This is the last interview in a series of videos with Kroll cybersecurity and investigations senior managing director Alan Brill. The other videos may be found here:
- How organizers for major events like the Olympics can fend off cyberattacks
- Who are the threat actors responsible for targeting major events?
- Follow steps to protect yourself from cyberattacks while traveling
TechRepublic met with Kroll's Alan Brill to explain the organization US-CERT, and their warning for the Olympic Games.
Brill: Sure. The CERT team—and these exist in very much every country—is a Computer Emergency Response Team. Their job is the look across a lot of incidents at a lot of places and try to give advice on what's going wrong and what you can do about it. When it comes to the Olympics, this is really for those visiting the Olympics, and those participating in the Olympics.
And what they said is that it's kind of a dangerous cyber environment, that Wi-Fi may not be all it's cracked up to be. Communications may not be what you expect in terms of security. But I think, essentially, you can bring it down to this, and that is, if you're going to be visiting the games, if you're going to be there as a participant, as a corporate visitor, whatever, the responsibility for your cybersecurity, whether you're communicating with friends or you're communicating with your company back home, that responsibility is yours, and you have to do some things to make sure that you're not leaking information unnecessarily.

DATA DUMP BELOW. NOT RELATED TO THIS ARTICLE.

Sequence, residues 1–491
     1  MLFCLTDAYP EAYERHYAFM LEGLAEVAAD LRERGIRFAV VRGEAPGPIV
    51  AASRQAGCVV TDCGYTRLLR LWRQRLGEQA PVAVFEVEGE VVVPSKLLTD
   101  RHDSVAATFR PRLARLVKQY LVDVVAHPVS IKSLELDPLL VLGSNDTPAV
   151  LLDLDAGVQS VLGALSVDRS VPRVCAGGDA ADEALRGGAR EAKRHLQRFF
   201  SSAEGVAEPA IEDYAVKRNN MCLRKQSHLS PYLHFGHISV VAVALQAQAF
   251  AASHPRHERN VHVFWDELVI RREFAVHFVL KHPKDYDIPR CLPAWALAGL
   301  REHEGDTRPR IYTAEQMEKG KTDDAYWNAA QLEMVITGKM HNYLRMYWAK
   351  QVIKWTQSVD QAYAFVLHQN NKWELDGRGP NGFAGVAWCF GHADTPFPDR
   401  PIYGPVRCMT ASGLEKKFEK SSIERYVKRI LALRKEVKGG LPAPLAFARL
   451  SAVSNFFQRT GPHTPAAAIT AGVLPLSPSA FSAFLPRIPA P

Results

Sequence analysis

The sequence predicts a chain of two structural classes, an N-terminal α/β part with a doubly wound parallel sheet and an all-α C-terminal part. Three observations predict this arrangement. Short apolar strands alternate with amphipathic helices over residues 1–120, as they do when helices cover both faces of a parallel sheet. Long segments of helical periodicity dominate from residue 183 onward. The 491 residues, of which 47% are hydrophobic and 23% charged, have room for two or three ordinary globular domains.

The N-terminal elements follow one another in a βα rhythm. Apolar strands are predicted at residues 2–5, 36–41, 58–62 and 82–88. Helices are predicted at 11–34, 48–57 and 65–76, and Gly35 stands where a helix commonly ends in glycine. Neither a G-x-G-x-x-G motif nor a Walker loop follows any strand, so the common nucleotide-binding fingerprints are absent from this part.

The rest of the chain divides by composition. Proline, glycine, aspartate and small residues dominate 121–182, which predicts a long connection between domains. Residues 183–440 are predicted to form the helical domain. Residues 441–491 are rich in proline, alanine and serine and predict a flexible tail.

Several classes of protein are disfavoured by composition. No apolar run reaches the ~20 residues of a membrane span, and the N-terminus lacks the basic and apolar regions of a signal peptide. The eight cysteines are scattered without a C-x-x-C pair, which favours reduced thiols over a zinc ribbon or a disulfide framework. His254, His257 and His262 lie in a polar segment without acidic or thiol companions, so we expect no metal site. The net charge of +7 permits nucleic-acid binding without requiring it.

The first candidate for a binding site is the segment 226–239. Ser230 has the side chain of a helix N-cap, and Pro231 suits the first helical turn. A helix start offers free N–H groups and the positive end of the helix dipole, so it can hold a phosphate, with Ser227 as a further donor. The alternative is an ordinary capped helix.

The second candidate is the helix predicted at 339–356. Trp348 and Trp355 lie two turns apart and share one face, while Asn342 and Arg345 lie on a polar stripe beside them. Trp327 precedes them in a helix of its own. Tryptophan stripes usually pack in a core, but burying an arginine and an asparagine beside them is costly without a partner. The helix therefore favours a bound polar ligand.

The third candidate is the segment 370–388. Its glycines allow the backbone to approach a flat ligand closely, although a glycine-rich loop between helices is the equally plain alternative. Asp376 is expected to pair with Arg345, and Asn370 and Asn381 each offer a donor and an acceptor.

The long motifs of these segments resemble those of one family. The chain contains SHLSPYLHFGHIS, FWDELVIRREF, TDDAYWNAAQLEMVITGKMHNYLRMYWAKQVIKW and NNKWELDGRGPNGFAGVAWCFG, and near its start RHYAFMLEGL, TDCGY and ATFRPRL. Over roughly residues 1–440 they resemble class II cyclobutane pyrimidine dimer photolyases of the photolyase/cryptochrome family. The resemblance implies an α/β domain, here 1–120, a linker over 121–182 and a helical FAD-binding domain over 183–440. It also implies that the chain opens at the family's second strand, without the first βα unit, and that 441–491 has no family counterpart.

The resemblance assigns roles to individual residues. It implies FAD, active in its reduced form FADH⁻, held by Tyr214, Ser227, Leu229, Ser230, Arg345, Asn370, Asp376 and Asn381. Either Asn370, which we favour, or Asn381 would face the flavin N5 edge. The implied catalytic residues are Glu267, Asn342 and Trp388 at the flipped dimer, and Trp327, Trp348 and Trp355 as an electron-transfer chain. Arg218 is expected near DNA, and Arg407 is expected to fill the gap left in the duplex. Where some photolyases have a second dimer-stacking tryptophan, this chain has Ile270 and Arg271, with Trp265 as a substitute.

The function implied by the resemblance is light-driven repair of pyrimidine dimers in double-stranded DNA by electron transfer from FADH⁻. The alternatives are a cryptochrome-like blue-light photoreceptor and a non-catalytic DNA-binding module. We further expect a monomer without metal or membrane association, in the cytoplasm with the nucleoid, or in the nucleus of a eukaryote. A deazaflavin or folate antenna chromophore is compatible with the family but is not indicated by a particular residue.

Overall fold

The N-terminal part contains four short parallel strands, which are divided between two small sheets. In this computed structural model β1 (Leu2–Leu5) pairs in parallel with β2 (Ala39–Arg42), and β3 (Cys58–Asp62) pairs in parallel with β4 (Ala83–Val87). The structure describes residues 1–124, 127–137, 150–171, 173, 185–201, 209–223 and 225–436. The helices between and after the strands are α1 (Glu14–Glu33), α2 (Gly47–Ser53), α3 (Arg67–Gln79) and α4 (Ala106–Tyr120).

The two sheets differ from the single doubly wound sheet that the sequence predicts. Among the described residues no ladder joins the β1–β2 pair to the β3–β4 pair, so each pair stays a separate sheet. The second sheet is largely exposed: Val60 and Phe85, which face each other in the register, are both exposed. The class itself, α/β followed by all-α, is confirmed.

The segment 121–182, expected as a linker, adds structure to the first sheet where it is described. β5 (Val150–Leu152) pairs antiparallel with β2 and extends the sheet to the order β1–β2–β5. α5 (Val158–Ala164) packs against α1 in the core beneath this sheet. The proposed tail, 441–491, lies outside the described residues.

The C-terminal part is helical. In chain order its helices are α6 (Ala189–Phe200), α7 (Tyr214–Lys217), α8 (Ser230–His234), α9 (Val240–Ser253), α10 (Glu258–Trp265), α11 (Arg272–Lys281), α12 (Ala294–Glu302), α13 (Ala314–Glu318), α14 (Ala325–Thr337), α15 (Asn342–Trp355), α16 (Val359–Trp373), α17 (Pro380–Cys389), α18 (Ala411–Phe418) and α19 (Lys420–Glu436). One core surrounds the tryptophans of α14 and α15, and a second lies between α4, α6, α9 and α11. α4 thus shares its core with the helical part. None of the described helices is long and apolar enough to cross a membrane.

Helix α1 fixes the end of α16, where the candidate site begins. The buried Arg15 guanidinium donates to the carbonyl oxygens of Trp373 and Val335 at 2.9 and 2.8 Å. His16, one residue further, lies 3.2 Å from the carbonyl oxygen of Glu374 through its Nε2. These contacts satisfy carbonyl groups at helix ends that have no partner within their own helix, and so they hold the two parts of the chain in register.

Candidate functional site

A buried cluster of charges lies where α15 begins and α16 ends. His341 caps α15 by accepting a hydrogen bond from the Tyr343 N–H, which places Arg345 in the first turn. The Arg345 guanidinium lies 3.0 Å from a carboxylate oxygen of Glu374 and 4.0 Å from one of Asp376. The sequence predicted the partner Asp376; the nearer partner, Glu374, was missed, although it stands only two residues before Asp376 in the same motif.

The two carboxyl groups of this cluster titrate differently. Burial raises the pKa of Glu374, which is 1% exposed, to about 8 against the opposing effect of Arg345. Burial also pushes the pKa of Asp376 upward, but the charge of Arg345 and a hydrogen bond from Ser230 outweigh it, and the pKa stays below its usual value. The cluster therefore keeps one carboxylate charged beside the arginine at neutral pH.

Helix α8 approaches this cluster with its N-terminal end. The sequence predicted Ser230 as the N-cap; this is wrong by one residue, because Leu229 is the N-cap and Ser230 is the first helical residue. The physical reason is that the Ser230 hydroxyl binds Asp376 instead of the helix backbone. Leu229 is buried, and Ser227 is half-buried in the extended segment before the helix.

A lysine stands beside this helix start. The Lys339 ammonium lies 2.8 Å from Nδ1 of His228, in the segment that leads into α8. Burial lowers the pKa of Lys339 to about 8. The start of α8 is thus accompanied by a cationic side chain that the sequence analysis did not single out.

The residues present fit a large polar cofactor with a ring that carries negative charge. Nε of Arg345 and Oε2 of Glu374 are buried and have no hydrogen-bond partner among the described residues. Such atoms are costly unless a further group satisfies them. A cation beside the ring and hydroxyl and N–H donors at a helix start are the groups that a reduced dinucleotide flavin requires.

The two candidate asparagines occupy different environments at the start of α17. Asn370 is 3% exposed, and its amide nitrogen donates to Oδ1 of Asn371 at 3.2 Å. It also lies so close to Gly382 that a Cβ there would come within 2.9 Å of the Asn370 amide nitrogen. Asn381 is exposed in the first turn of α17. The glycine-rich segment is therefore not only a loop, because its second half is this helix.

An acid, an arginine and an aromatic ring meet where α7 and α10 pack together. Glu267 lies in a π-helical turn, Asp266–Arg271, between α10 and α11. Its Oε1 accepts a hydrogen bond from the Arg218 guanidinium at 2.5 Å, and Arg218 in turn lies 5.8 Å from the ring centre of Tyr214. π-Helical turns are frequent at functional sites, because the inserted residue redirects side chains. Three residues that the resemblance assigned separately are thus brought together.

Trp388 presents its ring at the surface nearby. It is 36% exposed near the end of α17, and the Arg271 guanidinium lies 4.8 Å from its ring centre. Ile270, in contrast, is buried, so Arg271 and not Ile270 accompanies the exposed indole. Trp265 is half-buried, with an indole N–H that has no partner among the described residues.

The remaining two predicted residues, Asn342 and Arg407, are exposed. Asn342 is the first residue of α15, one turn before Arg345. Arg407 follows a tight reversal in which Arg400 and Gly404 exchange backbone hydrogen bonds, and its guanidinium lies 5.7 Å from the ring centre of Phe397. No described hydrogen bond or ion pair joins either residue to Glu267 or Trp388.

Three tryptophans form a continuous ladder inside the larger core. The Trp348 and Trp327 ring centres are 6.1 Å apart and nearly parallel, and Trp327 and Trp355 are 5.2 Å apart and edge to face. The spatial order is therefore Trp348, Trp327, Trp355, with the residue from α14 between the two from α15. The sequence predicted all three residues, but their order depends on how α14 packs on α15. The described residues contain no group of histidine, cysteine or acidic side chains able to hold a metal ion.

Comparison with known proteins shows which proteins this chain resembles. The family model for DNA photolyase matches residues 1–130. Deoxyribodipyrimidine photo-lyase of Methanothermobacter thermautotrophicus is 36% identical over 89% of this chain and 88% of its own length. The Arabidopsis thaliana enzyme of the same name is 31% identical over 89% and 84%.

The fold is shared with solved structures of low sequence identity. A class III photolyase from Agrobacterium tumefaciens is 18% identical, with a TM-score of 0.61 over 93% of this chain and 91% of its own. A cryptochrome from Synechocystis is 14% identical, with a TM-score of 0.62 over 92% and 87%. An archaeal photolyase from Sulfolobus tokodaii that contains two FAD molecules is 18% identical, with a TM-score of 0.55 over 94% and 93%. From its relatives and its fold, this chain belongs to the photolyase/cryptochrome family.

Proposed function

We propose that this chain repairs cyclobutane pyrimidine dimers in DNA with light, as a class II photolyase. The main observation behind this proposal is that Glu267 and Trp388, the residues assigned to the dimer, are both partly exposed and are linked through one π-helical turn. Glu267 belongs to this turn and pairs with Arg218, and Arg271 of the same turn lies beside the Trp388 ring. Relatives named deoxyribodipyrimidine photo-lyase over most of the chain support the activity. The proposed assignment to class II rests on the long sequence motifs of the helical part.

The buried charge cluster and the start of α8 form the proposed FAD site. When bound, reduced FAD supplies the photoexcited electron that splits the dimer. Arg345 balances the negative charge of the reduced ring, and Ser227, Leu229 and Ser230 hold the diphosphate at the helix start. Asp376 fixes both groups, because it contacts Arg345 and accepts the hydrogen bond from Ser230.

- Top 5: Ways to keep your data safe while traveling (TechRepublic)
- How IoT will be a game changer at the 2018 Winter Olympics (TechRepublic)
- How massive events like the Super Bowl and Olympics fend off malicious cyberattacks (TechRepublic)
- Online security 101: Tips for protecting your privacy from hackers and spies (ZDNet)
- IT leader's guide to the threat of cyberwarfare (Tech Pro Research)
Dan Patterson has nothing to disclose. He does not hold investments in the technology companies he covers.
Dan is a Senior Writer for TechRepublic. He covers cybersecurity and the intersection of technology, politics and government.